April 16, 2014

$4B Over Budget, Four Years Late: Meet Northrop's Problem Program (Source: Wash. Business Journal)
More than a decade after a prime contract was awarded for the development of the Hubble Space Telescope's successor, NASA's largest science project remains on shaky ground. First, the good news: Program costs for the James Webb Space Telescope being developed by Northrop Grumman Corp. have remained stable for the last few years, ever since the project was rebalanced with a 78 percent increase to the cost estimate.

That, of course, propelled total program costs to $8.83 billion, from a baseline estimate in 2009 of about $5 billion. Unfortunately for Northrop, most of the budget increase was to accommodate ballooning development costs. Those went from $2.58 billion in 2009 to $6.19 billion with the 2011 rebalancing — a 140 percent change. (4/16)

The Coolest Spaceships Ever Built, Compared by Size (Source: WIRED)
There are a lot of online resources for information about space history, but none can rival the combination of thorough and adorable you’ll find at Historic Spacecraft. The site is full of information about recent and past launches, old space programs, and much more, but it owes its unique charm to the drawings of spacecraft that appear on its pages. There’s something about their simplified lines and geometric orientations, reminiscent of a childhood textbook, that is perfect. Click here. (4/16)

Meet the Next Generation of Planetary Rovers (Source: Motherboard)
Want to go scuba diving on the Saturnian moon Enceladus? Get in line. When NASA announced the discovery of a subsurface ocean the size of Lake Superior on the tiny moon it inspired a new rush of speculation about how we might land a rover on Enceladus' alluring surface.

“There’s such a large amount of interest in this small body,” Luciano Iess, lead author of the Endeladus study, told Motherboard last week. “You could deploy a rover that could penetrate through this rather thick ice layer with heat. You can melt the ice and then by gravity, the submarine would get pushed down and would, sooner or later, end up in the ocean. It’s complicated, but that’s the target.” Click here. (4/16)

Beer-Drinking Fundraiser for Shuttle Aircraft Exhibit (Source: Huntsville Times)
Only in Huntsville would craft beer and a shuttle training aircraft used to train astronauts somehow fit together without raising a lot of eyebrows. Drink a Monkeynaut India Pale Ale or any brew from Straight to Ale on Thursday night and a portion of your purchase will help support the U.S. Space & Rocket Center's efforts to land the Gulfstream II (G-II) Shuttle Training Aircraft in Huntsville. (4/16)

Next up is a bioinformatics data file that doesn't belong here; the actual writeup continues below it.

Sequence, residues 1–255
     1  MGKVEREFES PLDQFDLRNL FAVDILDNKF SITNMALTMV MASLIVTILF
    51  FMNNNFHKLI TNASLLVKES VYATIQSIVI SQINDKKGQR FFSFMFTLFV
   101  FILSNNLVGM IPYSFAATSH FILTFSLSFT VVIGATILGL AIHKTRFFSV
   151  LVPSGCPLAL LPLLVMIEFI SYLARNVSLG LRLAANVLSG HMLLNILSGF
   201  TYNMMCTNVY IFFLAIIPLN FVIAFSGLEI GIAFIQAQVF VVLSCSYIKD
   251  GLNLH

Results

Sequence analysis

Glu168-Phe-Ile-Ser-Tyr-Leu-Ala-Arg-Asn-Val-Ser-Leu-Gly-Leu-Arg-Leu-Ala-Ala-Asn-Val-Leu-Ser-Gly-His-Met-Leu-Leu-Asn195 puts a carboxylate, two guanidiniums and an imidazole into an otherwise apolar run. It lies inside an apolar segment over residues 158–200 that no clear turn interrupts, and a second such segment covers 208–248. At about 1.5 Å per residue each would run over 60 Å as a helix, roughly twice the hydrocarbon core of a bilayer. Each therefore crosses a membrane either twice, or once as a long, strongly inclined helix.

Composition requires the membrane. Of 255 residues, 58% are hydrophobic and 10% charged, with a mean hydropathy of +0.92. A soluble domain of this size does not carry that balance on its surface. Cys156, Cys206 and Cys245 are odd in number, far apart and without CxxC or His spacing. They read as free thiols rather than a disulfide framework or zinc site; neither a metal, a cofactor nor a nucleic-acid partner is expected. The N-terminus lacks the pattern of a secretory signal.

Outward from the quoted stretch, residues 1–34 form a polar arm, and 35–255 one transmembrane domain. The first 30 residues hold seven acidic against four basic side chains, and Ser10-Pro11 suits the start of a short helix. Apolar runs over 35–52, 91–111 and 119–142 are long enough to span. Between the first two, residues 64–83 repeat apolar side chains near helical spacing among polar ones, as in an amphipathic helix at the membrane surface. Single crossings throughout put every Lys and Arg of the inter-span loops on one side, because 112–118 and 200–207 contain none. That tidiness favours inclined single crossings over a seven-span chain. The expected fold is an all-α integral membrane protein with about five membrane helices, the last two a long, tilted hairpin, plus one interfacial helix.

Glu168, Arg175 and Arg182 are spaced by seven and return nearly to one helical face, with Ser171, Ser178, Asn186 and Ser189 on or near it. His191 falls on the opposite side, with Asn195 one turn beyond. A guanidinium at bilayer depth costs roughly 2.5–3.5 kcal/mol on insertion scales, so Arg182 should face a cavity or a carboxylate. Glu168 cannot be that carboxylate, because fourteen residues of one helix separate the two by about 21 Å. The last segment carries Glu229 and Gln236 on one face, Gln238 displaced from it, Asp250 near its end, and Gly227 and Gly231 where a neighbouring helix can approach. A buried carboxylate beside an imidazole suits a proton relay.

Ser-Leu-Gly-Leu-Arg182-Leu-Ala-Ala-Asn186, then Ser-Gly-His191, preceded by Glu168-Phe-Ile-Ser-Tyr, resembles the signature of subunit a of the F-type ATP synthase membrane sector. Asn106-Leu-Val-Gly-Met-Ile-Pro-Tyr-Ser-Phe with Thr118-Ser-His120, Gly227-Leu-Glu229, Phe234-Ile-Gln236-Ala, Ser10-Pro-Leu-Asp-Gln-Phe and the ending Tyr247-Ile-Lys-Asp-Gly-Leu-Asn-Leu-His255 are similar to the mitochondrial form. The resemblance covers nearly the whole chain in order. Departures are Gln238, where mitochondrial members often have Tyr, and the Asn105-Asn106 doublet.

NASA Langley in Hampton and Virginia Partner on Feasibility Studies (Source: Daily Press)
NASA Langley Research Center in Hampton and the commonwealth are collaborating on research projects to address environmental issues in agriculture, ecological forecasting, water resources and air quality. According to Gov. Terry McAuliffe's office Tuesday, NASA participants in its Applied Sciences' DEVELOP Program will co-locate temporarily within the office of the Secretary of Technology in Richmond to help design feasibility projects to address community concerns and public policy issues. (4/16)

Pentagon Threat Assessor Feels Better about Space Assets (Source: Space News)
A top Pentagon intelligence official said April 15 he is more confident today than he was a year ago about the intelligence community’s understanding of U.S. national security space systems and the threats they face. For the past several months, top Defense Department leaders have told Congress that U.S. military and intelligence satellites face a growing threat from nations actively developing counterspace capabilities. (4/16)

Egyptian Satellite to be Launched (Source: SIS)
"Egypt Sat" will be launched on April 16. Prime Minister Ibrahim Mahlab said the new satellite will be launched by Russia from the base of Baikonur in Kazakhstan. He noted that Egypt Sat would serve industrial, agricultural, mineral, planning and environmental fields in Egypt. It can also help to support development projects in the Arab region, he added. (4/16)